Announcing Analytics

by Richard Price

Today we are announcing the release of’s Analytics Dashboard, a feature that was previously in beta.’s Analytics Dashboard allows academics to view the real-time impact of their research.

A big trend right now in science is that scientific content is moving from having been historically in paper form to now being created natively for the web. One key advantage of the web is that it speeds up the distribution of scientific ideas. Over the last few years, as scientists have increasingly taken to sharing their research on the web, there has been no way for them to measure the impact of their online influence. 

Increasingly, the primary consumption experience for scientific content is the web, and yet scientists have not generally been aware of the metrics around this consumption. If you ask a Harvard biology professor with 200 publications how many downloads she experienced in the last 30 days, typically she will not know.’s Analytics Dashboard is changing this. It allows an academic to understand in sophisticated detail how their research is being used by the academic community. It shows them countries that are sending them the most traffic, search engines and other sites that are sending them the most traffic, and overall profile views and document views. 

Overall Views

Overall views

Academic credit is an enormous factor in driving academic funding decisions, hiring decisions, and generally the behavior of academics. Consumption of content is increasingly happening on the web, and’s Analytics Dashboard helps academics measure the impact of their research right where it’s being consumed.

At we believe there are two key characteristics to the future of science:

  • instant distribution
  • rich media

Instant distribution is about getting scientific ideas distributed around the world instantly. Currently there is a 12-month time-lag between submitting a paper to a journal, and the paper being published. We need to accelerate the scientific conversation by removing that 12-month time lag.’s Analytics Dashboard helps an academic see the benefits of sharing their research instantly.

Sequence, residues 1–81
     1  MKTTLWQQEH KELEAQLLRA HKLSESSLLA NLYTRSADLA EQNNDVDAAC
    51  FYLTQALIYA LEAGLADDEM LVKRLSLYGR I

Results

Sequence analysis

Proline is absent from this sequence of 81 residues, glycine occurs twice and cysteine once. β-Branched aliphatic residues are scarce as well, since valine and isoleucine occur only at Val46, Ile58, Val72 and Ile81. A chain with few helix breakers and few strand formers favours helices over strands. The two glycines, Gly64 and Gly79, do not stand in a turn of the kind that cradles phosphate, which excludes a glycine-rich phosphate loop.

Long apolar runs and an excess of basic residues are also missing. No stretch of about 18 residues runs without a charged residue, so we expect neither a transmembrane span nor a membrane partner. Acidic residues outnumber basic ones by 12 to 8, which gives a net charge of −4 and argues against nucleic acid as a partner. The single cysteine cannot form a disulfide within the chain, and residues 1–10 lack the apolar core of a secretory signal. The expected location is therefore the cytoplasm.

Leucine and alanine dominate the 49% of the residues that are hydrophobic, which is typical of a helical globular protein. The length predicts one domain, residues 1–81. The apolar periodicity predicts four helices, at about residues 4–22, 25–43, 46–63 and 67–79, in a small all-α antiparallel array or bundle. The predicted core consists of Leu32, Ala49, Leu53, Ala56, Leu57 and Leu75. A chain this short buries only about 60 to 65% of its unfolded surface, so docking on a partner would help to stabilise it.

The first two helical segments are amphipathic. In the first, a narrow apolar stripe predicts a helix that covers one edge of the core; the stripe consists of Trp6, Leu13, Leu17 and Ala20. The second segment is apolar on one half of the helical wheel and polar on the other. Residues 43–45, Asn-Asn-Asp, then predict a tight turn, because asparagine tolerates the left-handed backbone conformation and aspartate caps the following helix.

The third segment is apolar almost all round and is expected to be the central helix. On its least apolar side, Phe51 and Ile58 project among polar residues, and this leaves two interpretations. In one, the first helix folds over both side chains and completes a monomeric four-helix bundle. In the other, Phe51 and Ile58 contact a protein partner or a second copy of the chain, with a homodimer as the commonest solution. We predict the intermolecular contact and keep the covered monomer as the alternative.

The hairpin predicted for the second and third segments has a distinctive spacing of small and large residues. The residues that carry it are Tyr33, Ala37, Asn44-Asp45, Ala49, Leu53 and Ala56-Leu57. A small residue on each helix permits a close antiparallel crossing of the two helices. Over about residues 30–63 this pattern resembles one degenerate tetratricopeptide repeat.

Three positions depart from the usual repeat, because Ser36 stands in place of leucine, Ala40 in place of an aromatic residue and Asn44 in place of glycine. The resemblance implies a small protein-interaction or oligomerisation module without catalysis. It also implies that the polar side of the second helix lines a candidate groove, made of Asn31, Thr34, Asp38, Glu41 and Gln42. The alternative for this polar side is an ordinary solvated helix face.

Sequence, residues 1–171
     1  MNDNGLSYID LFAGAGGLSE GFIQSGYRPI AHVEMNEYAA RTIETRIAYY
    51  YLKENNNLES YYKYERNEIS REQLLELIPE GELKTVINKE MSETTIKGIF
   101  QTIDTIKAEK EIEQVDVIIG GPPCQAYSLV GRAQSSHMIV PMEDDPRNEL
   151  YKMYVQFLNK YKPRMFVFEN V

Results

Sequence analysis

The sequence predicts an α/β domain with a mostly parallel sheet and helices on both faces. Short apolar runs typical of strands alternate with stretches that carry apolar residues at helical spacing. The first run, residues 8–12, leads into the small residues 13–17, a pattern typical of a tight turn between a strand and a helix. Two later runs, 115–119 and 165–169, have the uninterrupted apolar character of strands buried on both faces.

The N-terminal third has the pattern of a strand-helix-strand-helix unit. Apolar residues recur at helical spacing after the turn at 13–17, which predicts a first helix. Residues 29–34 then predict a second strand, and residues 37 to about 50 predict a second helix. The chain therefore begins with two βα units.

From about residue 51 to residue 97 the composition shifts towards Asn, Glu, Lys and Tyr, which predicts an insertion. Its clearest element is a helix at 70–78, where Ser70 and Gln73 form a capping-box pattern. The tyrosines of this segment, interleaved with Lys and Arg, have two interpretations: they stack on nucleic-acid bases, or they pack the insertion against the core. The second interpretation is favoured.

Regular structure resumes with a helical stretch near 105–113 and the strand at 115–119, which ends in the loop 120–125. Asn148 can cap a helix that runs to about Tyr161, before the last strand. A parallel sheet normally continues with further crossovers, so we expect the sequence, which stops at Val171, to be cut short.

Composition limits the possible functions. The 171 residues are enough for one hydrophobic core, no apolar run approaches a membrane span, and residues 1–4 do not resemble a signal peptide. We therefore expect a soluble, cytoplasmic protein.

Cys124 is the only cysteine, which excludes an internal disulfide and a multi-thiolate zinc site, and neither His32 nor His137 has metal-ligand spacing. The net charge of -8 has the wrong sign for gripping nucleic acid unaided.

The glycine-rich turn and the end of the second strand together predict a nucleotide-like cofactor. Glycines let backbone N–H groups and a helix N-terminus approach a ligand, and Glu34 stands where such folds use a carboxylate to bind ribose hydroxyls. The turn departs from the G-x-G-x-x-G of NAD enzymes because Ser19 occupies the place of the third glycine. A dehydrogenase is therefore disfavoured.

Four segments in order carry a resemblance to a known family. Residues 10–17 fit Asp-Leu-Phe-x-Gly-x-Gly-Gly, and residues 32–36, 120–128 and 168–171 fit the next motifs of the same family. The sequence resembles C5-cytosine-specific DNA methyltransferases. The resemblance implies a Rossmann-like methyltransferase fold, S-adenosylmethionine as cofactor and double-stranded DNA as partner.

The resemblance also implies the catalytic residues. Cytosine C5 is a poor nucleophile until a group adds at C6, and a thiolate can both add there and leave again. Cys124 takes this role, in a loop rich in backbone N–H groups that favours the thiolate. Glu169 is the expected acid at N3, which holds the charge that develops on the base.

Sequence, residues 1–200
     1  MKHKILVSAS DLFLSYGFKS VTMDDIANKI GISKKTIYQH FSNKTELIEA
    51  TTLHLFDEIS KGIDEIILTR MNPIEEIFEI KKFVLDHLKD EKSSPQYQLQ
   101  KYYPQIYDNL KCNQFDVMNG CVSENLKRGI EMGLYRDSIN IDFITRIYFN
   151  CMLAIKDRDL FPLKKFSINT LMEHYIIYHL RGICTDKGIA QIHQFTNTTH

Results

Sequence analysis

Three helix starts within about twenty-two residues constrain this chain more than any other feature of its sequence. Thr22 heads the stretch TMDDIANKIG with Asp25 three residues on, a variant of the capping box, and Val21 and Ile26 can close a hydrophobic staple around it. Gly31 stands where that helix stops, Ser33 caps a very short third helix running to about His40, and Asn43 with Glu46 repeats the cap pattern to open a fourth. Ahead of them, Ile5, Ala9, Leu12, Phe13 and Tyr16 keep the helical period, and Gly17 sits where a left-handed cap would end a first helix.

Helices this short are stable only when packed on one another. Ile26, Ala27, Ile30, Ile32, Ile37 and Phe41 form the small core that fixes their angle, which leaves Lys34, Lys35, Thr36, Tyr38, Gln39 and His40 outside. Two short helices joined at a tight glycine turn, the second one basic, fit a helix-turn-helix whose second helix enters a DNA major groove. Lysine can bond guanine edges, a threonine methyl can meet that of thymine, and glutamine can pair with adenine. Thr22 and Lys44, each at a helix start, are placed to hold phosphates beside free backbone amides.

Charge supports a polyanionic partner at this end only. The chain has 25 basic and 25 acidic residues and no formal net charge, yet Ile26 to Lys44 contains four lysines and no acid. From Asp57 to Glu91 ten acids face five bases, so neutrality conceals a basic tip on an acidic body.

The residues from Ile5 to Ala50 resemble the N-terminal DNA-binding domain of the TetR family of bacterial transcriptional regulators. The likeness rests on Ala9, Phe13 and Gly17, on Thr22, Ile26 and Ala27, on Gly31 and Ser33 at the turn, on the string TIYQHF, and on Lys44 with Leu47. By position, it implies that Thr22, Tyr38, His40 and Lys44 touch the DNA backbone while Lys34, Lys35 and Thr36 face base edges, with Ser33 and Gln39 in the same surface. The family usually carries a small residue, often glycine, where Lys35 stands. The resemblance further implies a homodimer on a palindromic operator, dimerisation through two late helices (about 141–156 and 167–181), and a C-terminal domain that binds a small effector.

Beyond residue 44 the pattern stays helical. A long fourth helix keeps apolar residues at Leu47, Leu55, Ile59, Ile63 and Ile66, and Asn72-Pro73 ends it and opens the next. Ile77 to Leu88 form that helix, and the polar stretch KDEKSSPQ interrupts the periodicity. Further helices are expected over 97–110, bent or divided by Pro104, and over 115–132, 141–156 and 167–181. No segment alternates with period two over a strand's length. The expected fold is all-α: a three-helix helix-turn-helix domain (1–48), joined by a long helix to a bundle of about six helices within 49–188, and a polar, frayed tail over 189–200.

Rich media is about moving beyond the PDF. Scientists almost exclusively share their research in the format of a PDF. The reason scientists don’t share data sets, code, videos, or other kinds of media is that they don’t get credit for sharing them, as historically there has been no way to measure the scientific impact of these scientific media.’s Analytics Dashboard is changing that by enabling scientists to get credit for a wider range of research media.

Document Views

Document views

“One can glean from stats new ways of conceptualizing research impact,” said Tim Ritchie, lecturer, University of Limerick. “When I was being considered for a promotion, my stats demonstrated to members of our promotion committee that what they helped fund — and the work we produce from such funding — actually gets searched for, read, and printed. Knowing that people outside my own network of international collaborators actually read our work intrigues and inspires me.”

“When I first discovered, I found exactly what I needed: a space where I could upload my CV, my papers, and a small description of myself, then build a network of like-minded people,” said Vlad Glaveanu, associate professor, University of Aalborg. “With the Analytics Dashboard, I’ve noticed that there is increasing interest in my field of research, which gives me motivation and constant feedback. Having insight into the overall number of views is quite useful because it’s that immediate feedback which we typically lack in the academic world.

Country Views

Country views

As academics get used to knowing the real-time metrics around their research, they will never go back. Real-time metrics around distribution will be, from this point onwards, a permanent feature of the scientific process. 

If you would enjoy building the future of science, we are hiring engineers! See our Hiring page for details. 


by Richard Price, CEO

Comments Aug 15, 2012
blog comments powered by Disqus